I grew up watching the Wonderworks production of “Anne of Green Gables” and its sequel. They were an important part of my childhood, bonding over them with my grandmother, and anytime I hear that there might be another version of the story in move form, I am cautious about the offering that would be presented.
I gave the PBS version (with Martin Sheen) a try, and I had hoped that it would be good, but I ended up being very disappointed; it felt too much like whoever wrote it had decided to make a shortened version of the original, making sure to add moments the fans would have remembered, but not doing it at all well.
When I saw that Netflix was offering the first season of “Anne with an E,” I was cautiously optimistic (hoping that it would be good, seeing as the series came directly from Canada). I thought I would watch at least the first few episodes of the series before deciding whether to continue watching it, or giving up on it.
Within the first episode (or so), I knew that I was going to continue watching the series, making my way through however many episodes were produced.
The basic structure of the story is the same as you would expect; Anne is an orphan who is adopted by a brother and a sister, her best friend is Diana, she is somewhat of an outcast, she is imaginative and off-beat, and she and Gilbert are in love with each other from pretty much the first time they meet each other. But there are just enough changes to the story to make it feel somewhat fresh and keep you interested and curious about what was going to happen next.
The change to the story that I think that I appreciate the most was the inclusion of LGBT characters (one of them was a new character, and the other was a reimagining of an old character). It is not stated explicitly that these characters are gay, but it is obvious that they are.
The new character was a boy in school with Anne. He is artistic and sensitive, bullied by his family and the kids in the school because of what he is. It is only Anne who befriends him at first, standing by him and making him feel as though he is important. It is implied that if she hadn’t become his friend, and if she hadn’t helped him, something bad may have happened to him (maybe because of what was done to him by others, or maybe because of the hopelessness he might have started to feel).
The other character, the one that was reimagined, was Aunt Jo. The first clue you get that she is gay, is when she talks about the “friend” that she used to live with, and how much se missed that “friend”. It is Aunt Jo that takes in the friend of Anne’s, when it becomes clear that he could no longer remain where he was, and it was because of her (along with Anne, who facilitated their introduction), that the boy remained safe.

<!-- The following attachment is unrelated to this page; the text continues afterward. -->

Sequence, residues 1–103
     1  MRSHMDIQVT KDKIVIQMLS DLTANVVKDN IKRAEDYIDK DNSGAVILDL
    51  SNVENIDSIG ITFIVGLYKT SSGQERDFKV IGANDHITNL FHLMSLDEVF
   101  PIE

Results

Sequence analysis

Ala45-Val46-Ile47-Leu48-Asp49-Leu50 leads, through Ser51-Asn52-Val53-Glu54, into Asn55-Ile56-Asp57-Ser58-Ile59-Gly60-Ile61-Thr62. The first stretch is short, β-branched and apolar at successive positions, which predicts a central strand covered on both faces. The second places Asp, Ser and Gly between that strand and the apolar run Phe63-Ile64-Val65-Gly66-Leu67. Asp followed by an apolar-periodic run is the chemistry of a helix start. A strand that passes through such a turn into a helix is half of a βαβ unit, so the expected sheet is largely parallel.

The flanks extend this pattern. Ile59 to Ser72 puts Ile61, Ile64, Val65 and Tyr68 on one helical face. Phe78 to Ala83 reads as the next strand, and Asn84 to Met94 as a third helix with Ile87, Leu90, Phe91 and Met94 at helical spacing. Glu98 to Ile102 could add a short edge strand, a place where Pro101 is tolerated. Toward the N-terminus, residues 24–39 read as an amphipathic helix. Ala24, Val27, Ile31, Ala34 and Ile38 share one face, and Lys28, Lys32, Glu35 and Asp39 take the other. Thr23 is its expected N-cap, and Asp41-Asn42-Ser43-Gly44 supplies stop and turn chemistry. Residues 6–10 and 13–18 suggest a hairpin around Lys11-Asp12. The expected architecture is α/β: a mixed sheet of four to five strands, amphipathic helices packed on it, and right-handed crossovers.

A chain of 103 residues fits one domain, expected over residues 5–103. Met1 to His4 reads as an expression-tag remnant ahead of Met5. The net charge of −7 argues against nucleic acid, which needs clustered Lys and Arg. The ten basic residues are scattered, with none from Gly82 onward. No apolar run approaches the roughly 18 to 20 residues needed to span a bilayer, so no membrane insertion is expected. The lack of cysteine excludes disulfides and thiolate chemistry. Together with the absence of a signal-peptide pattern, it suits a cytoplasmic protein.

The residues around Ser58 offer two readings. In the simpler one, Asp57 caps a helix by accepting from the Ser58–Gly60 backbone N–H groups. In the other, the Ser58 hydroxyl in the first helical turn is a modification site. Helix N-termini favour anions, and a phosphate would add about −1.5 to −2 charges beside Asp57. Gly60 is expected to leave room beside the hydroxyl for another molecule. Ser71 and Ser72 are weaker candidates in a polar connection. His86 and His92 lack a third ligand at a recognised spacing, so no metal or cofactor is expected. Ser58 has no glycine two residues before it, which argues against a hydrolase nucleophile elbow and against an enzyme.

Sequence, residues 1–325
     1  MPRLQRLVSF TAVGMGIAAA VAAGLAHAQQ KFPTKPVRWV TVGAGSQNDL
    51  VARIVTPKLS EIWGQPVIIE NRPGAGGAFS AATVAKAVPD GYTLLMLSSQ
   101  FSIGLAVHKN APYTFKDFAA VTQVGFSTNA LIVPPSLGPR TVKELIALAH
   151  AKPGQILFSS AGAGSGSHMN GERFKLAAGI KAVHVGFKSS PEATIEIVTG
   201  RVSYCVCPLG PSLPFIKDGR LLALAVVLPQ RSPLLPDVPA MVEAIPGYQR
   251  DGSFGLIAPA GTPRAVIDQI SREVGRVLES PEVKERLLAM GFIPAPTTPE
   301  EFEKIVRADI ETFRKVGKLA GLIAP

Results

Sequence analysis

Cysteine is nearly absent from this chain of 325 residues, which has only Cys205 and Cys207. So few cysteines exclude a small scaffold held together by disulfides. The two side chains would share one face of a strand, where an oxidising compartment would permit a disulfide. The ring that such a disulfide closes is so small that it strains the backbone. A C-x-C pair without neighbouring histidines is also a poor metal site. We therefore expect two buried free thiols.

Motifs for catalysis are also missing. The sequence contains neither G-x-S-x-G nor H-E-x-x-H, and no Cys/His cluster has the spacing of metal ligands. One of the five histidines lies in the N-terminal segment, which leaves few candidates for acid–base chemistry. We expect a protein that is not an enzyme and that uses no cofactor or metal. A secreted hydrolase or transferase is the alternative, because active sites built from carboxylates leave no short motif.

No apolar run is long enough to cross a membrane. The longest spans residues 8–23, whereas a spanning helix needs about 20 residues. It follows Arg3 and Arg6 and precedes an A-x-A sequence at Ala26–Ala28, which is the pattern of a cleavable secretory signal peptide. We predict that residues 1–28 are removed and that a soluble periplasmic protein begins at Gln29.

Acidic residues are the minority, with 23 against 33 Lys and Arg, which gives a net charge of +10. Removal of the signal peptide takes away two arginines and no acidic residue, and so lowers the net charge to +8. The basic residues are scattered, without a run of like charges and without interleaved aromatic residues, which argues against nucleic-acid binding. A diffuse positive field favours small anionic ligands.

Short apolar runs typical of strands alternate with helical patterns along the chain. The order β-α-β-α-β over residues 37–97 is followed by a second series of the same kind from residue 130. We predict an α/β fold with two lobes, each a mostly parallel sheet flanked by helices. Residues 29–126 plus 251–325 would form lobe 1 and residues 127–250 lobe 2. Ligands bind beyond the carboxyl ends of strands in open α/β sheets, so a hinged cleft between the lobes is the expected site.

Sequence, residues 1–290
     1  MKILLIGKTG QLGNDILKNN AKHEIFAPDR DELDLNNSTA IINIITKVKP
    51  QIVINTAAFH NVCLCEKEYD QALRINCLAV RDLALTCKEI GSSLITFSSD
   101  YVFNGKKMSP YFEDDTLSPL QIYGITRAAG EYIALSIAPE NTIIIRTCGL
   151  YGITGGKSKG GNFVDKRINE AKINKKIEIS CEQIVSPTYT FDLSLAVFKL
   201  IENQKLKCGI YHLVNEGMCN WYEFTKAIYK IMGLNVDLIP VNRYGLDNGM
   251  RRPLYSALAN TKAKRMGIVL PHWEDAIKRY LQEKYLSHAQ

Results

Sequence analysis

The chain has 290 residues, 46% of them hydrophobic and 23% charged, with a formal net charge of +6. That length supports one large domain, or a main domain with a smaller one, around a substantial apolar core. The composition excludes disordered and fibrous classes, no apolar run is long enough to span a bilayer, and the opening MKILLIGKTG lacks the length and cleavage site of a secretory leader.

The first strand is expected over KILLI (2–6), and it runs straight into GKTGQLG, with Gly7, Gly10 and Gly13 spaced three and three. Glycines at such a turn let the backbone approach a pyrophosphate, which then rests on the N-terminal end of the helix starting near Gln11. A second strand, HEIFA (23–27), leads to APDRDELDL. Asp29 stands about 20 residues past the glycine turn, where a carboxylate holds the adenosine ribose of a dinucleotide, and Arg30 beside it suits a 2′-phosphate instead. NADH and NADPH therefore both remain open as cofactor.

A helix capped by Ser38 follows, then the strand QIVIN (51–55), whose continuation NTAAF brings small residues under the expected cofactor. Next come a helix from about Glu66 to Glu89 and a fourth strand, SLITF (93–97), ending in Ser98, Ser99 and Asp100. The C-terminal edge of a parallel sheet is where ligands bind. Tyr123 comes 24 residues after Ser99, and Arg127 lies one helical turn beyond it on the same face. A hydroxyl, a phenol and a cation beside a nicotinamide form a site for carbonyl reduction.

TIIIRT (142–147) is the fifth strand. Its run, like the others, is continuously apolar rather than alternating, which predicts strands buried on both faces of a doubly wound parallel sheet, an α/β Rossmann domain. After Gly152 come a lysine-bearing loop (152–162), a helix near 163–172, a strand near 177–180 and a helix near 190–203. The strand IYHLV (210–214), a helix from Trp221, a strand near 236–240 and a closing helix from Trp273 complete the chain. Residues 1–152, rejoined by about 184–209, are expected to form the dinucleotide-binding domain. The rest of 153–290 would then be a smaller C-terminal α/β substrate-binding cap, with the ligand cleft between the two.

There were a couple of changes that stood out to me, one good, and one somewhat annoying.
Instead of dying, Matthew survives the heart attack that he has at the end of the first season. I have always loved Matthew, and his gentleness, and I was relieved that he was not written off the show.
The other change that stuck in my mind concerned Diana. Originally, Diana was not allowed to join the special classes that would prepare her for the test that would get her into college, and she is also not allowed to take these classes in the show. In the original, she gets married and spends her life as a housewife, while Anne goes away to college, becomes a journalist, and has works of fiction published. But in “Anne with an E,” Diana takes none of the classes that would help her with the test. The kids that take those classes study hard and for quite a while; it is presented as though the test would have been difficult and lots of study would have been needed to pass (it wasn’t just how much studying they apparently did, it was also how nervous the kids were when the test was upon them; one of the kids nearly had a panic attack right before taking the test). But at the last minute, Diana (with the help of Aunt Jo) escapes the watchful eye of her mother, goes to the place where the test is being taken, and she takes the test as well. She had not studied at all for the test, and despite how much preparation was apparently needed, Diana passes the test, and she is accepted into collage.
While I can appreciate the fact that the writers knew that the show was ending at that point, and they wanted to wrap things up, giving the characters a happy ending (that would be satisfying for a modern audience), the fact that Diana had no problem with he test (when Anne and Gilbert, the two smartest kids in the school, had to study hard for the test) was not only unsatisfactory, it was unrealistic. I would have rather that something more realistic happen, if there had been a better set up for Diana making it in.
Even with this mild annoyance, I really enjoyed the show overall, and I am glad that I was able to give it a chance. I kind of whish that there could have been another season, just to live in that world for a little bit longer, but it may have been good that it didn’t kep going on (it didn’t have a chance to lose the goodness that it had).
The show is still available on Netflix, and if you are looking for something to binge (especially if you are a fan of Anne), you should give the show a chance.